1. Rick Dempsey – While he did not have the offensive prowess of Severeid (he hit just .238), Dempsey was a better fielder and was better in the clutch. He appeared in two World Series with the Orioles and was named MVP of Baltimore’s win in 1985 after hitting .385 with a home run against the Phillies. In 12 years with the Orioles (1976-86 and 1992), Dempsey appeared in 1,245 games, hit 75 home runs and drove in 355 runs. His best season offensively was 1985, when he hit .254 with 12 homers and 52 RBIs. Dempsey went on to win another title with the Dodgers in 1988.


Honorable Mentions – Davey Johnson was a three-time All-Star and gold glove recipient as the Orioles second baseman from 1965-72. As a manager, he led the 1986 Mets to the championship and then had success with the Reds in the early 1990s. He was Baltimore’s manager for just two seasons (1996-97), but he had a 186-138 record and led the club to the ALCS in both years.

Joe Altobelli took over a team Earl Weaver built and led them to the championship in 1983. Despite finishing eight games over .500 the following year, the Orioles fell to fourth place. In 1985, a losing streak plus problems with owner Edward Williams led to Altobelli’s dismissal and the return of Weaver. Altobelli went 212-167 with Baltimore.

Paul Richards went 517-539-7 in seven seasons with Baltimore, and the club started to move toward respectability under him. The Orioles went 89-65 in 1960 and finished in second place int he American League, eight games behind the Yankees. With a month left in the following season, Richards resigned to become the first general manager of the Houston Colt .45s (which would later become the Astros).

5. Jimmy McAleer – After a 13-year playing career spent primarily with the National League’s Cleveland Spiders in the 1890s, McAleer went 551-632-26 in eight seasons with the Browns, with the win total ranking third in team history. While the Browns were better than .500 three times in his tenure, his best season was 1902, when he led his team to a 78-58-4 record and a second-place finish in the American League (five games behind the Philadelphia Athletics).

Luke Sewell – After a 20-year big league career as a catcher, Sewell took over as St. Louis’ manager midway through the 1941 season. Three years later, with the world at war and many baseball players on active duty, the Browns FINALLY won the American League pennant with an 89-65 record, but they lost the World Series to their crosstown rivals, the Cardinals. Overall, Sewell went 432-410-8 in six seasons.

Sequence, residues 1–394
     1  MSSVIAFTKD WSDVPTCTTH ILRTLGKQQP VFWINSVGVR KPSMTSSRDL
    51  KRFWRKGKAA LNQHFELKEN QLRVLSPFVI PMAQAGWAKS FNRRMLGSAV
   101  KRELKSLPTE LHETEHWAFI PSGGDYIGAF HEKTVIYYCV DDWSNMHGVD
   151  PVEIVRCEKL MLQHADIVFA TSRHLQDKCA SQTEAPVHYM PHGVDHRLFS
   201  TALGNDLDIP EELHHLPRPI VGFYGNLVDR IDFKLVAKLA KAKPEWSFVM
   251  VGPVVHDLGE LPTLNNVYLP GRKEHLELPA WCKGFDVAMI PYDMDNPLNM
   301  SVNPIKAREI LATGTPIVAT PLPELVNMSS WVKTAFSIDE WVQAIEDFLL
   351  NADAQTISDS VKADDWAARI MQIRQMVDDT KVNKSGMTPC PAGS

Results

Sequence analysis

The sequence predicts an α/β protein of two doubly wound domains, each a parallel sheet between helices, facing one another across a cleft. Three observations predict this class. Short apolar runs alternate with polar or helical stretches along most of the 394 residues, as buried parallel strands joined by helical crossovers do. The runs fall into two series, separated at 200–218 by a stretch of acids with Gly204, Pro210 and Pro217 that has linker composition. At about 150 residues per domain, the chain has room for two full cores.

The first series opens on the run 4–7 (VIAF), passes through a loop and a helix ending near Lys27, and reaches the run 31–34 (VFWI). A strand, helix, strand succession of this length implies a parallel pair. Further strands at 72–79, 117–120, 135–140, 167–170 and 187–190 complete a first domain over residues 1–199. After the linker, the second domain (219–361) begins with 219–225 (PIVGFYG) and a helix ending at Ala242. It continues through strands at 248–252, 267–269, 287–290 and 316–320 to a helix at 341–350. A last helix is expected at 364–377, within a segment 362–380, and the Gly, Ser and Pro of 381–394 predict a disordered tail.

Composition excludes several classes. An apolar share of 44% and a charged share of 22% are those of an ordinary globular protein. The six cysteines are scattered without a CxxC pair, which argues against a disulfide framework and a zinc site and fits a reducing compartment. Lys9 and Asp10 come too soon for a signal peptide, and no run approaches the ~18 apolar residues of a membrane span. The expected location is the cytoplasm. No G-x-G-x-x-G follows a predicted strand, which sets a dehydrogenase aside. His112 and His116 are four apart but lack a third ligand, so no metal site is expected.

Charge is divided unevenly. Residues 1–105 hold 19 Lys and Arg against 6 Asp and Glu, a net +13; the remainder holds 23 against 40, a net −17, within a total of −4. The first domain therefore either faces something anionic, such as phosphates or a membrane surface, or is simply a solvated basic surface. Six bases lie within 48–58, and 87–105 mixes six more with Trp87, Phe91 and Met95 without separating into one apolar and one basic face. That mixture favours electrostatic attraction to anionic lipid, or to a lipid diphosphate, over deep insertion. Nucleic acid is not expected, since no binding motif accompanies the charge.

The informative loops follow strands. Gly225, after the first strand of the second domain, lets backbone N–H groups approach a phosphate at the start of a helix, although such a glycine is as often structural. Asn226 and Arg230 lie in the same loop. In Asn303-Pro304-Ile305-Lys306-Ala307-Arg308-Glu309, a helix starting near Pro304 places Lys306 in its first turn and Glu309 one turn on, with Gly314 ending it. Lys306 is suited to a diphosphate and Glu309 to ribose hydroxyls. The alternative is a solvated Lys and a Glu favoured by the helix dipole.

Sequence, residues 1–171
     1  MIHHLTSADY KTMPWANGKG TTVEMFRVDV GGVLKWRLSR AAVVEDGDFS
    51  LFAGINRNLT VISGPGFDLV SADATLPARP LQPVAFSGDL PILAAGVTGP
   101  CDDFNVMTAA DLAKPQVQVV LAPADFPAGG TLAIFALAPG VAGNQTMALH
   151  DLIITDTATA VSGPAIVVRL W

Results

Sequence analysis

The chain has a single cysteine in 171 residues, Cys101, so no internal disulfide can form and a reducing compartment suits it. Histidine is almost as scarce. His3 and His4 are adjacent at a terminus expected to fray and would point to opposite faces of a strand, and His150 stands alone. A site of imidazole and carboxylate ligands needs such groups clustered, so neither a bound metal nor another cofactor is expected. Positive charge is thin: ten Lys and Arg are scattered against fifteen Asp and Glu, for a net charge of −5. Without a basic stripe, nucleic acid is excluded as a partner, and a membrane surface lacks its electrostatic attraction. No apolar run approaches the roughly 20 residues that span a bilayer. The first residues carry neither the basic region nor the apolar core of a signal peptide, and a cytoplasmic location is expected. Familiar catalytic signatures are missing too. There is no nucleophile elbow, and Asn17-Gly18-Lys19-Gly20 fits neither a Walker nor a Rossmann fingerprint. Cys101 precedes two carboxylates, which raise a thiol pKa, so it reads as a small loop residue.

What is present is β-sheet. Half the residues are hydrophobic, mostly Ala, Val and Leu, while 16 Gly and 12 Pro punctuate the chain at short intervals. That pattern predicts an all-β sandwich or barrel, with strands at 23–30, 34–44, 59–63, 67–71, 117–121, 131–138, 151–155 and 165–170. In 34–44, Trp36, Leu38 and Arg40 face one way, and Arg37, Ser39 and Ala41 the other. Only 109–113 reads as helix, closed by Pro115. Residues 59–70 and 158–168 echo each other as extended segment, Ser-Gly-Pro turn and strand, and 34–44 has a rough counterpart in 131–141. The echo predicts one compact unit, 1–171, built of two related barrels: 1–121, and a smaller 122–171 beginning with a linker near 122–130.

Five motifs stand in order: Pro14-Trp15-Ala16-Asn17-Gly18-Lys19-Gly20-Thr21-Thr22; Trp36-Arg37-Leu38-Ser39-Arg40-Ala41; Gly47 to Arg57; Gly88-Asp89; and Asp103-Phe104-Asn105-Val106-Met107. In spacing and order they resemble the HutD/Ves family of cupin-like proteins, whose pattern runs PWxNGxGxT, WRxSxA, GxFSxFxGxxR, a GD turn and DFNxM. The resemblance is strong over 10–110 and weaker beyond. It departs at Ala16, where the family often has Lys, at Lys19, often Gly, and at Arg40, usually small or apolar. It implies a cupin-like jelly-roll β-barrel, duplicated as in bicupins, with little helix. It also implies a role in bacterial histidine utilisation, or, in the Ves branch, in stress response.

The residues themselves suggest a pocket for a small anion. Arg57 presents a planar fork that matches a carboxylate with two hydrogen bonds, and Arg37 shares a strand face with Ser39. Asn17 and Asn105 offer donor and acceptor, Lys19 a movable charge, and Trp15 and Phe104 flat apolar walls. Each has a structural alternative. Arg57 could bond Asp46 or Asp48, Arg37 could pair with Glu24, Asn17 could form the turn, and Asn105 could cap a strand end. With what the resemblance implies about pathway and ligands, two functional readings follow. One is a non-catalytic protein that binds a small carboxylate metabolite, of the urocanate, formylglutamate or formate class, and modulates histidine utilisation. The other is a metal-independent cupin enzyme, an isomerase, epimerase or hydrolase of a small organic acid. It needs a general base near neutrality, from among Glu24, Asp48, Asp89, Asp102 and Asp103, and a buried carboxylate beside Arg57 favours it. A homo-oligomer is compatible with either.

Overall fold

3. Hank Bauer – Another former player, Bauer was a three-time All-Star outfielder and a seven-time champion during a 14-year career spent primarily with the Yankees. He went 407-318 in five seasons and Baltimore reached 90 wins in each of his first three seasons at the helm. Under his guidance, the Orioles went 97-63 in 1966, winning the pennant for the second time and finally taking home the title by sweeping the Dodgers in the World Series.

2. Buck Showalter – Despite having a losing record (669-684), he ranks second in team history in managerial victories. In nine seasons with the Orioles, Showalter led the team to the playoffs three times. In 2014, Baltimore went 96-66. Although the Orioles were swept by the Royals in the ALCS, Showalter was named American League Manager of the Year.

1. Earl Weaver – By any measure, Weaver is the franchise’s greatest manager. In 18 seasons (over two stints, 1968-82 and 85-86), his clubs posted a winning record in 17 of them. His 1,480-1,060-1 record includes five 100-win campaigns. Weaver led the Orioles to the playoffs six teams, including four American League pennants and a World Series title in 1970. In addition, he was the AL manager in the All-Star Game four times. Perhaps Weaver is best known for his fiery temper and arguments with umpires. He was ejected 96 times, which ranks fourth in baseball history. Weaver was inducted into the Baseball Hall of Fame in 1996 and passed away in 2013.


Baltimore Orioles First and Third Basemen – Coming soon
Baltimore Orioles Second Basement and Shortstops – Coming soon
Baltimore Orioles Outfielders and Designated Hitters – Coming soon
Baltimore Orioles Pitchers – Coming soon

Previous Series

A look back at the Atlanta Braves

Catchers and Managers
First and Third Basemen
Second Basemen and Shortstops

A look back at the Arizona Diamondbacks

Catchers and Managers
First and Third Basemen
Second Basemen and Shortstops